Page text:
Children Protesting Trump’s Immigration Ban

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Meryem Yildirim, 7, left, sitting on the shoulders of her father, Fatih, and Adin Bendat-Appell, 9, sitting on the shoulders of his father, Rabbi Jordan Bendat-Apell, protesting President Donald Trump’s immigration and refugee order at O’Hare International Airport, Jan 30, 2017. (photo: Nuccio DiNuzzo / Chicago Tribune)

The story behind the viral photo of Muslim and Jewish children protesting at O’Hare International Airport in Chicago.

By Vikki Ortiz Healy / Chicago Tribune
February 1, 2017


“Our tradition is not ambiguous about remembering our history for the sake of acting out in this world today.”
— Rabbi Jordan Bendat-Apell


A Muslim and a Jewish father had never met before bringing their children to O’Hare International Airport Monday to join in a protest of President Donald Trump’s immigration ban. But after a photograph showing their son and daughter interacting went viral, they decided to bring their families together next week for dinner to celebrate peace.

As of midday Tuesday, the photograph taken by Chicago Tribune photographer Nuccio DiNuzzo and shared on Twitter by @ChiTribPhoto had been retweeted by other Twitter users more than 16,000 times. The two fathers said they have fielded calls from friends, acquaintances and national news outlets wanting to hear their story.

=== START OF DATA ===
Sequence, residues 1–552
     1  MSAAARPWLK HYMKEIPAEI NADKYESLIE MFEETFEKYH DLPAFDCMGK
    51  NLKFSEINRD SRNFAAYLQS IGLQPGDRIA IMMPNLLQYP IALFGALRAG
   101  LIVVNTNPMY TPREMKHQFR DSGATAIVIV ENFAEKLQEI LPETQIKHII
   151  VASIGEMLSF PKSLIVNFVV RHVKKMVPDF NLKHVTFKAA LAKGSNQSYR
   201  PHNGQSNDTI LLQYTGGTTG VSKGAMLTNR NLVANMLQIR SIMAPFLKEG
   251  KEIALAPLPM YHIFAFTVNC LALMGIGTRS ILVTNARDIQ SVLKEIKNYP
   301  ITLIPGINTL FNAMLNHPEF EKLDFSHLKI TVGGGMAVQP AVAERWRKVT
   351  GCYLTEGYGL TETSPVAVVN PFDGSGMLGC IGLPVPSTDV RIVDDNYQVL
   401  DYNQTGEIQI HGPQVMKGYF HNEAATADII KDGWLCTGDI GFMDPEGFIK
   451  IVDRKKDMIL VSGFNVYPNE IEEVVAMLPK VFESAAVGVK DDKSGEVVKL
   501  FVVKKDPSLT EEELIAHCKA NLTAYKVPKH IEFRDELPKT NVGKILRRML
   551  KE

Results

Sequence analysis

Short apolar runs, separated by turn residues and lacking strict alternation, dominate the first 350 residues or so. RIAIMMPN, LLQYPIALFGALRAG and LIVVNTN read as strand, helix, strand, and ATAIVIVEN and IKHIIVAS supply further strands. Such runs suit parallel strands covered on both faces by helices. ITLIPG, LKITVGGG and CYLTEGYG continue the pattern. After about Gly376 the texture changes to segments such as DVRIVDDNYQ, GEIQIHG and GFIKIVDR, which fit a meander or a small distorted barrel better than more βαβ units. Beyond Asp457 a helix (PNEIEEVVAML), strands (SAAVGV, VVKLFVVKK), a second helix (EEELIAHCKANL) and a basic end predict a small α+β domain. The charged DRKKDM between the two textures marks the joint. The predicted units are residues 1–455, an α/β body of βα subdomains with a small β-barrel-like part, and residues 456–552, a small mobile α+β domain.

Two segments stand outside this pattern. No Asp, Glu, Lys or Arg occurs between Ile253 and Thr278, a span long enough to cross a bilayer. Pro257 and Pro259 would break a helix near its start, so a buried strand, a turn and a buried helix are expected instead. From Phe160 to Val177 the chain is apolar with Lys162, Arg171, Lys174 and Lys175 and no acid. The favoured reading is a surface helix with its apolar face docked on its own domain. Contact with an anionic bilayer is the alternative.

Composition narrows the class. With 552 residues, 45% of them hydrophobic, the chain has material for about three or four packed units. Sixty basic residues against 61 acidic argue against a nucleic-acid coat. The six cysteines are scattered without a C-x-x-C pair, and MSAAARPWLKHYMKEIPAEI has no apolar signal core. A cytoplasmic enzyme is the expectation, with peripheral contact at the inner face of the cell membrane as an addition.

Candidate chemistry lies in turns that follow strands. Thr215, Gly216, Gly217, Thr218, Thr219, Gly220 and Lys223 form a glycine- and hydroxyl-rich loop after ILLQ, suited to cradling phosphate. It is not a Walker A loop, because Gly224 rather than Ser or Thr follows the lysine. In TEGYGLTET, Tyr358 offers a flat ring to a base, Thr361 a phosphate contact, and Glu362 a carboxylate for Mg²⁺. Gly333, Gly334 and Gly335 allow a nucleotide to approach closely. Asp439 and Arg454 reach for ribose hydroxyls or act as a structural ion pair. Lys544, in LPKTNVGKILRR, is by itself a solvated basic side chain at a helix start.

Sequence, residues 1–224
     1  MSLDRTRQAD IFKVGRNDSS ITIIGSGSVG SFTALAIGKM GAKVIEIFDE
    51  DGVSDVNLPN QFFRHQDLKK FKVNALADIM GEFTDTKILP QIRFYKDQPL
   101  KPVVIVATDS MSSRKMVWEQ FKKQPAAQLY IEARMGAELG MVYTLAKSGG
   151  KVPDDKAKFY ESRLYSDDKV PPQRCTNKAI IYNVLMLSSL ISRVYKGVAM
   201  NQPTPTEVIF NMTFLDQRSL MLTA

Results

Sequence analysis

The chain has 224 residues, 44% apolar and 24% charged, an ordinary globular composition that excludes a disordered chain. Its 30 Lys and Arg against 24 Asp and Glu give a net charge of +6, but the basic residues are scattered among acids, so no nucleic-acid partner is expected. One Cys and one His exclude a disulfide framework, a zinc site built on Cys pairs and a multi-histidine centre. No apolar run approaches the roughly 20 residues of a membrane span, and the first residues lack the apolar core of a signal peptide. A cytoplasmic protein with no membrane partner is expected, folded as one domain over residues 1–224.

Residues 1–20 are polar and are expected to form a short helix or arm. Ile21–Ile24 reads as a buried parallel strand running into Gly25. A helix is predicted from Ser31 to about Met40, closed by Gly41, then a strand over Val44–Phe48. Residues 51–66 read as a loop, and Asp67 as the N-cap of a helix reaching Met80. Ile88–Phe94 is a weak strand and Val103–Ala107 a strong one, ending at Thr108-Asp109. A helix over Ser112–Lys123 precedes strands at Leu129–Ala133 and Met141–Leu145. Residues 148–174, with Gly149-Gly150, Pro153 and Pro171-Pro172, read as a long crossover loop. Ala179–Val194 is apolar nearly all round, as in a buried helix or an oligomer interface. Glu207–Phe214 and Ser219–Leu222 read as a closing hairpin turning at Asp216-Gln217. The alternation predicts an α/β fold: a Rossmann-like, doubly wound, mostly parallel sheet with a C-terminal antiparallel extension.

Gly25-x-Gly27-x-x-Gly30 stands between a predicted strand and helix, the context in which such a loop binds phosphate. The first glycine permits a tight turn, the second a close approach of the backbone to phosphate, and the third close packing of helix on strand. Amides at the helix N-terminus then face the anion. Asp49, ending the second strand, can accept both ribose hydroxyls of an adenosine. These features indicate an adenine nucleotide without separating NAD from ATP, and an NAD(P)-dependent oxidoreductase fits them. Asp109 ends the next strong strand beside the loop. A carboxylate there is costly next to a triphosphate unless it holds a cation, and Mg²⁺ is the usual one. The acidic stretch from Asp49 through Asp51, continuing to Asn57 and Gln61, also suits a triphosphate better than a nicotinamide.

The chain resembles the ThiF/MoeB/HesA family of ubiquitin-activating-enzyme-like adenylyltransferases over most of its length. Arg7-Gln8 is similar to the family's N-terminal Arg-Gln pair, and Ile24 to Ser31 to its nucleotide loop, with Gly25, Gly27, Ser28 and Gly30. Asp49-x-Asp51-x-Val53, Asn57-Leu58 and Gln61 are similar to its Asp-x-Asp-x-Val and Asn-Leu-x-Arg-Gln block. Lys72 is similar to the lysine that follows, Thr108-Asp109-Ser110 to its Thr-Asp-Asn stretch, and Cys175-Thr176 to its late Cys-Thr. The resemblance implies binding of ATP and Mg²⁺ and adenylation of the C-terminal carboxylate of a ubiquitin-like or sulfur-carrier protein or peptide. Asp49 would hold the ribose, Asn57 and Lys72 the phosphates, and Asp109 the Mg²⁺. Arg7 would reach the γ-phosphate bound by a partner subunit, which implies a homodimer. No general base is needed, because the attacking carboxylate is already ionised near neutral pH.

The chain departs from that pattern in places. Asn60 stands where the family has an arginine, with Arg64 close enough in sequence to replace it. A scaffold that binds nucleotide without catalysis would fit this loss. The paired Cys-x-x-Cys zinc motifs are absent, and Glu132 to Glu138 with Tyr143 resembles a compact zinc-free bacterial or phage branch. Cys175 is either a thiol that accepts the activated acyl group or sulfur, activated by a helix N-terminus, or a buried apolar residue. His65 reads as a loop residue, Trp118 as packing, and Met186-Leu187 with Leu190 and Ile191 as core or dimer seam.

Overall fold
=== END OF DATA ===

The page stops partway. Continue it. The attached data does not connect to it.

“It all happened pretty quickly,” said Rabbi Jordan Bendat-Appell, of Deerfield, who lifted his 9-year-old son, Adin, onto his shoulders Monday night when the boy asked for a better view of the crowd there to protest Trump’s executive order that freezes entry of all refugees for 120 days and blocks entry for 90 days of citizens from seven predominantly Muslim countries.

At about the same time, Fatih Yildirim had lifted his 7-year-old daughter, Meryem, onto his shoulders because she was getting tired of standing.

Adin was wearing his kippah, or yarmulke, while holding a sign that read “Hate has no home here.” Meryem wore her black hijab while holding a sign that said “Love.”

DiNuzzo, a Tribune photographer for 25 years who had been assigned to capture images of Monday’s protests, said the scene immediately caught his eye.

“I thought, ‘This is too good to be true. I’ve got a Muslim kid on one side, I’ve got a Jewish boy and his dad — all cute kids,’” DiNuzzo said. “I knew that this was an important picture to make.”

[Read the full article here . . . ]

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